In one of the most charming restaurants I’ve ever been in, there sits Martha Hoover simultaneously talking on her cell, respectfully ordering staff on where to put outside furniture, and signing documents.
In the midst of her multitasking, Hoover stops for a while to explain to me how her maternal instincts have garnered her five restaurants.
As a Marion County prosecutor turned entrepreneur, Café Patachou (French for cream puff) got its start from Hoover wanting a neighborhood restaurant for her family that offered “healthy, upscale food that wasn’t too sophisticated.”
“I’m a real home cook, I believe in the family table. Even though I wanted to eat with my family for all my meals, I didn’t want to prepare three meals a day,” said Hoover.
Instead of succumbing to over processed and overpriced food, Hoover decided to take matters into her own hands opening her first restaurant on 49th and Pennsylvania streets in 1990.
Of the five Indianapolis Patachou restaurants, the others being downtown, Keystone at the Crossing, Carmel and at the airport, each reflects its respective neighborhood. For example, the Meridian Kessler address has an eclectic vibe while Patachou across from Keystone at the Crossing is classically pleasant.
But you know what’s better than the different atmospheres? The food. Upon my first visit, I ordered the chicken noodle soup and turkey sandwich, you know, to be on the safe side. While talking with a friend, I took a spoonful of the soup and realized, “I just ate chicken noodle soup with real chicken!”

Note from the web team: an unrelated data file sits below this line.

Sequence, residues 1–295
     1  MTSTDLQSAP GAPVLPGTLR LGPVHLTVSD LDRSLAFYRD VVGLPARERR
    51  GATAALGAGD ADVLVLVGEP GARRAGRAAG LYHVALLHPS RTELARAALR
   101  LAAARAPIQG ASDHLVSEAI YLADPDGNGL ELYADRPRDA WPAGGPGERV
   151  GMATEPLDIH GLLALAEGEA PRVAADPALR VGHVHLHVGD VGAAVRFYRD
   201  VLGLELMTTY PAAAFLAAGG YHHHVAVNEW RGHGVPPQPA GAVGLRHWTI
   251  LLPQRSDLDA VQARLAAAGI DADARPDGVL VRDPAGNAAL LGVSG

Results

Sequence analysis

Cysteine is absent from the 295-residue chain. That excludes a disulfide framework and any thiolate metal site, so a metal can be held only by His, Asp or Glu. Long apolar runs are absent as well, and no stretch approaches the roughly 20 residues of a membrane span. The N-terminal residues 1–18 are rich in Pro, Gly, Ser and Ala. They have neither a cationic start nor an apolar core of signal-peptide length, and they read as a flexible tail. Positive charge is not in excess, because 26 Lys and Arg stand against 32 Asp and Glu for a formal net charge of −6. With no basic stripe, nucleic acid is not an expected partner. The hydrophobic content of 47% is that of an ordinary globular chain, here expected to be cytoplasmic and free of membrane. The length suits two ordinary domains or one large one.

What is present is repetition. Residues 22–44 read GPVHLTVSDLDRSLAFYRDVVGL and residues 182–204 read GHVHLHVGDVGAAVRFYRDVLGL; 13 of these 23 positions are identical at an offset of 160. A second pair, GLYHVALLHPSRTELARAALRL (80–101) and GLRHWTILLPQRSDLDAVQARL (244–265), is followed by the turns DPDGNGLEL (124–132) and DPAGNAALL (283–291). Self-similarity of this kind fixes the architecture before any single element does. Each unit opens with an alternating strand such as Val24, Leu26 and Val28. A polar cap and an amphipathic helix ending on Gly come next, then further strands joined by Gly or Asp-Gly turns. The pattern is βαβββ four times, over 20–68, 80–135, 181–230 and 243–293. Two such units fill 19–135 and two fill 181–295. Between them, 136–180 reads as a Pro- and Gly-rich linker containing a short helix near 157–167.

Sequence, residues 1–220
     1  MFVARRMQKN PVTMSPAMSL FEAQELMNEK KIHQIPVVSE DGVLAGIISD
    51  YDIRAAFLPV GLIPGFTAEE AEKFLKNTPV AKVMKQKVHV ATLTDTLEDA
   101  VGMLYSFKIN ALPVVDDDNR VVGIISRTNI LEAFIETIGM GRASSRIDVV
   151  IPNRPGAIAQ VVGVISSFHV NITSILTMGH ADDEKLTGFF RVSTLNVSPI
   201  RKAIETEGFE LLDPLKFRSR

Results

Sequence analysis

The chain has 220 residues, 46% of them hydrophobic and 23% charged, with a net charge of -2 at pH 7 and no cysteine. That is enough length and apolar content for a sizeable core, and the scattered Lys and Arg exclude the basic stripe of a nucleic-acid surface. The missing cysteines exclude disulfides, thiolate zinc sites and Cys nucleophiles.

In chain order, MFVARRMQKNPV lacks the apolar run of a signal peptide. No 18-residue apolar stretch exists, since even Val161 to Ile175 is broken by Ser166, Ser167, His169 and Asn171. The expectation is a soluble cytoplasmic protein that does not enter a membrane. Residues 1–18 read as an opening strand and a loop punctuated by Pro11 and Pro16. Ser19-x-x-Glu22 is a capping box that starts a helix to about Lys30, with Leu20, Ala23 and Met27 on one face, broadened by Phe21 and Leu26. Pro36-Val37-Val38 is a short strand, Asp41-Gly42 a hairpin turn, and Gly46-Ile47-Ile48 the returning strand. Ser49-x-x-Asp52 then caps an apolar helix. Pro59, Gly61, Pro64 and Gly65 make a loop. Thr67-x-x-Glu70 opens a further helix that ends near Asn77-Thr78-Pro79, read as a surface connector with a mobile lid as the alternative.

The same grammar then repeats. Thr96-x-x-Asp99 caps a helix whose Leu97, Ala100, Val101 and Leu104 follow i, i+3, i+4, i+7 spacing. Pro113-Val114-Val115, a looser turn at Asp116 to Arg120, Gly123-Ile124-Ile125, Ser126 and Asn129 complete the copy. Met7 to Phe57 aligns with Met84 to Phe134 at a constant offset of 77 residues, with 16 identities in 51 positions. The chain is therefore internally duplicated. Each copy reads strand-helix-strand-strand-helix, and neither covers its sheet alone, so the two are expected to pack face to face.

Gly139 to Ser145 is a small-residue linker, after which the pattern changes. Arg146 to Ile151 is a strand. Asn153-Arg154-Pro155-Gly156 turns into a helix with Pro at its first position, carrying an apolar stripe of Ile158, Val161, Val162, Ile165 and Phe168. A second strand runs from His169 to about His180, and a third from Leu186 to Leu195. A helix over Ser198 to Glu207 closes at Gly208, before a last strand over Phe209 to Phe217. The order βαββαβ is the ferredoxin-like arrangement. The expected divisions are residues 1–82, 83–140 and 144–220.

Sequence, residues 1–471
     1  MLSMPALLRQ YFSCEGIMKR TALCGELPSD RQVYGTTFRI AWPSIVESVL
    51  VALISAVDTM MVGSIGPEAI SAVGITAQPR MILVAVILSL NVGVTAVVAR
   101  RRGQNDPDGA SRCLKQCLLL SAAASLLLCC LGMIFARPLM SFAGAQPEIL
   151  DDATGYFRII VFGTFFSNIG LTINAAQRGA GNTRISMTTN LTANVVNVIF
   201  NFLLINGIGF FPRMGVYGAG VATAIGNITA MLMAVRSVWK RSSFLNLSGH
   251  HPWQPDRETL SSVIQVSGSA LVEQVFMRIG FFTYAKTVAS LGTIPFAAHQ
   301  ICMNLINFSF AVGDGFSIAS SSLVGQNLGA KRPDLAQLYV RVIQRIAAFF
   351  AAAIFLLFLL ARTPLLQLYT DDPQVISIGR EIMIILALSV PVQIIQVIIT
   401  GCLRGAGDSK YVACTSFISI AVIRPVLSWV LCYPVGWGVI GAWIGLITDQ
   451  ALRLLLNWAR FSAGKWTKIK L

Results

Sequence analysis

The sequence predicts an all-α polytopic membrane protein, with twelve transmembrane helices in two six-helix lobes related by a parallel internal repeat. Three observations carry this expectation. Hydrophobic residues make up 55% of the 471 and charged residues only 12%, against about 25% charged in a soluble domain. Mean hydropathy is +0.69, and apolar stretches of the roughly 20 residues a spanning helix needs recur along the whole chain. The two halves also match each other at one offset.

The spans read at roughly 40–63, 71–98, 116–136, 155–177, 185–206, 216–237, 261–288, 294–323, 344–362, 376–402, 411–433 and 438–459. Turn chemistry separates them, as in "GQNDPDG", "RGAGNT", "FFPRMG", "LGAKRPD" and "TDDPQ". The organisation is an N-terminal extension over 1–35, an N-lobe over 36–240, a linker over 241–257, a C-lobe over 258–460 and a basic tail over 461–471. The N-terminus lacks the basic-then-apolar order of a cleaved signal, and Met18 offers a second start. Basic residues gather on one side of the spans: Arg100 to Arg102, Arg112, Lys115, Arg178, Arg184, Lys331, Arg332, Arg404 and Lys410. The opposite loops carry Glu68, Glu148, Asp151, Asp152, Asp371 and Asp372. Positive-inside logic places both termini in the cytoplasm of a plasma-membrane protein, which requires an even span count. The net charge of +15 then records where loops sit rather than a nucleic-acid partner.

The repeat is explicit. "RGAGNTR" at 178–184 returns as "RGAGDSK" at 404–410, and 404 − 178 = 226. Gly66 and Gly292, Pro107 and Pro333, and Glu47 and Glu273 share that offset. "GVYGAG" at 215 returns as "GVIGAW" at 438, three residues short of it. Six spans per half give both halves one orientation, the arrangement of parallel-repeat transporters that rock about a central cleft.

Not realizing how mislead I had been from chunks of what looked like chicken in my soup, I took a bite of my sandwich and also realized it was real turkey – like what you eat on Thanksgiving Day kind of turkey. I thought “where have you been all my life, Patachou?”
While talking with Hoover, she let me in on a secret: that was the point of Patachou, to give customers rustic, simple and deliciously healthy food. Each item is prepared using the best ingredients possible, such as organic meat and produce from an Indiana farm. There’s no architectural stacking, name that ingredient or hype.
I’m quite fond of the turkey sandwich with herbed cream cheese, lettuce and tomato, but the Caesar salad club, with turkey, bacon and a side fruit salad is also tasty. Put tuna salad on bread or in a wrap, have the broken yolk sandwich with salmon or explore what’s good for you by ordering homemade granola with yogurt and fruit. I’ve also heard people say Patachou’s chicken salad is the best ever. They’re right.
Choose one of many omelettes, dine on the freshly made waffles or simply sip a cappuccino. Patachou is a breakfast, brunch or lunch dream.
While Patachou is one of my favorite places to eat, Petite Chou has also found a special place in my heart. With locations in Broad Ripple and Clay Terrace, Petite Chou is more of a French inspired bistro specializing in crepes. On my birthday, I enjoyed the chicken crepe with asparagus and mushrooms. It was savory and good.
Hoover was on to something when she thought of Café Patachou. Still concurrently talking with me, an employee about a film and loudly greeting guests, I realized why Patachou is such a great restaurant; everything is done with time, care and patience.
Although a bit pricey (I’ve spent almost $15 on my lunch alone before), Patachou’s food is so good, it’s well worth the money. The food is filling without you feeling gross, greasy and in serious need of a siesta. Since my decision to eat healthier, Patachou is high on my list of wellness pleasing restaurants, which is why I urge you to check out one of Hoover’s Patachou restaurants. You’ll fall in love just as I have.